It was obvious from the get-go that Amy Coney Barrett is not what leftist CNN and the Democratic Party wanted from a Supreme Court Justice. On Wednesday, CNN’s New Day once again did not even attempt to be fair and gleefully attacked the nominee for her views on abortion.
Co-host John Berman asked Democrat Sen. Dick Durbin: “She made clear that she does not think that Roe v. Wade, or she cited scholarship specifically that does not think Roe v. Wade is a super precedent, in other words, like Brown v. County Board of Education [sic], something that can't be touched. What should voters, what should Americans take away from that? ”
The point was not to challenge the Senator or to present an opposing view. That would upset CNN's audience at home.
Another softball question asked was “You talked about some questions that she did not answer. Really at all. Some of them had to do about the peaceful transfer of power, about voter intimidation, about whether the President even has the ability to move the election date. She wouldn't answer that and I wonder what you think of that because I'm not so sure that's an issue of the so-called Ginsburg rule where a judge doesn't want to weigh in to a potential case, whether or not the President can move the election day is a simple matter of legal fact, isn't it?”
This was not about an honest discussion on the opinions of the nominee, but an attack. Often, nominees will refuse to give their opinion on that case or any other.
Rather than reporting on the facts of the case or challenging Durbin on his unsubstantiated opinions, Berman helped him along. A transcript from Tuesday’s hearing reveals what Barrett actually said about super-precedent. It’s for cases that “so well settled that no political actors and no people seriously push for their overruling.” She noted there were only six such cases.
It is to be expected that the Democratic Party would be upset about any nominee who refuses to please Planned Parenthood. Berman should have done his proper job and challenged the Senator on his viewpoints, not lead him along.
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A transcript of the October 14th Coverage is included below:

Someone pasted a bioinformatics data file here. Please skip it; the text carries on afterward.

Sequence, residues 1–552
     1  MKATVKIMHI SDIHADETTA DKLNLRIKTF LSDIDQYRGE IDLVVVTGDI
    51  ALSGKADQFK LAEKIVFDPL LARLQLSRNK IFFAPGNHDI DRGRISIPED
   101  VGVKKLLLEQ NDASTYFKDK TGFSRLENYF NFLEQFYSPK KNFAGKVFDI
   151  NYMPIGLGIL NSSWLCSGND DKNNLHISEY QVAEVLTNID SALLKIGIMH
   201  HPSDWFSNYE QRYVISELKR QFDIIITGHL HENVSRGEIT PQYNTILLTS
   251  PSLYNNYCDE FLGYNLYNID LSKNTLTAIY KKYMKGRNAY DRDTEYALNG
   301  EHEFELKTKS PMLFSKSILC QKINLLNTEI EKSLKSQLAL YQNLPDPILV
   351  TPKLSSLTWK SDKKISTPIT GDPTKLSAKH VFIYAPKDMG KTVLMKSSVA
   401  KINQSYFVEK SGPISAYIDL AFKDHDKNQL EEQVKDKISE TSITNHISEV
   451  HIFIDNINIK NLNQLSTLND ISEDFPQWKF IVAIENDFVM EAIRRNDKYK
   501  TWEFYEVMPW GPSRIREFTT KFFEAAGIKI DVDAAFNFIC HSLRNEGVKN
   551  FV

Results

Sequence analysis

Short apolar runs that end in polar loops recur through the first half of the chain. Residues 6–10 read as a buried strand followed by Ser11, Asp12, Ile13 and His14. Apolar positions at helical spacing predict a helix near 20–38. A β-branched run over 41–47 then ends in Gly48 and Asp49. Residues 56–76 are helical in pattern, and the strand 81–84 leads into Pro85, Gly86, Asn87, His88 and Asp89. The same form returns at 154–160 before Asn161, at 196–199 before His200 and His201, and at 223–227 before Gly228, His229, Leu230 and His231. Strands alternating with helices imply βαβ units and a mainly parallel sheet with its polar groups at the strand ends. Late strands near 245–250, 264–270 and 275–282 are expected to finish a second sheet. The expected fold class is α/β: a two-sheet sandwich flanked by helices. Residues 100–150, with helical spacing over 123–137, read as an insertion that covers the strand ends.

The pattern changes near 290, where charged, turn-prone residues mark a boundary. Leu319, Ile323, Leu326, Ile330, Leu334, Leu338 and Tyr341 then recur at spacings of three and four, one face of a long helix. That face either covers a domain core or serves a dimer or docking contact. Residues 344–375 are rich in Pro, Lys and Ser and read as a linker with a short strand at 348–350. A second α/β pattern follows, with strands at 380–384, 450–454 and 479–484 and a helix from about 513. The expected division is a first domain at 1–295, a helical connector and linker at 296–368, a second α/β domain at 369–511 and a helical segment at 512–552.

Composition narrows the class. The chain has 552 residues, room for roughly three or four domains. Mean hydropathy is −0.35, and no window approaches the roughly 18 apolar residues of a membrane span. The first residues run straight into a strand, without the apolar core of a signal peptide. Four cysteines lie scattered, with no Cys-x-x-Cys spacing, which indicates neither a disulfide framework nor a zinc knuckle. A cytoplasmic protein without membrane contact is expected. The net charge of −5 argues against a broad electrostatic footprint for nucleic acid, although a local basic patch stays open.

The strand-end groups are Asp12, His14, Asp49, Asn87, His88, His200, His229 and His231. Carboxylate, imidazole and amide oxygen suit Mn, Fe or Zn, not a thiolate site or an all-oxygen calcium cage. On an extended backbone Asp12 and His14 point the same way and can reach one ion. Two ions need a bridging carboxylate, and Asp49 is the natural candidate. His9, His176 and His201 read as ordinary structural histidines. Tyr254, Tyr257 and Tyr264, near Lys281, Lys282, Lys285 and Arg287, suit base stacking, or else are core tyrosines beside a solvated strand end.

7:50 AM ET
JOHN BERMAN: About an hour from now, questioning will resume for President Trump's nominee for the Supreme Court, Amy Coney Barrett. One topic raised several times during 11 hours of questioning so far, the future of abortion rights in the U.S. Judge Barrett declined to say whether Roe v. Wade set a precedent that should not be dismantled. Here is Senator Kamala Harris.
KAMALA HARRIS [D-CA]: I would suggest that we not pretend that we don't know how this nominee views a woman's right to choose to make her own health care decisions.
BERMAN: Joining me now is the Democratic Whip, Senator Dick Durbin, who also questioned Judge Barrett. Senator Durbin, thanks so much for being with us. There are a lot of people who look at these theaters as kabuki theater, but, in fact, there was a lot learned if you listened over the course of the 11 hours yesterday and one thing learned, I think, was Judge Barrett's position on abortion, at least from a jurisprudence perspective. She made clear that she does not think that Roe v. Wade, or she cited scholarship specifically that does not think Roe v. Wade is a super precedent, in other words, like Brown v. County Board of Education, something that can't be touched. What should voters, what should Americans take away from that?
DICK DURBIN [D-IL]: Well, I think it's very obvious. When she was asked about the three central points behind her nomination the question of the future of the Affordable Care Act, Roe v. Wade and whether she would be doing the President's bidding if there is an election contest, she basically made it clear that she wasn't going to make any commitments at all. That tells me sitting on the other side of the table that those are frankly up for grabs. Let's face it here, she is a personable, likeable, intelligent person who has done great things in her life. No question about that. But there is an Orange cloud over her nomination in the Trumps of Donald tweet. He has told America I'm not going to put anybody on the Supreme Court unless they're going to eliminate the Affordable Care Act which protects 23 million people, unless they're going to overturn Roe v. Wade and if they're going to be there I want them there for my election contest if it's necessary after November 3rd. Those are still the real realities of this nomination.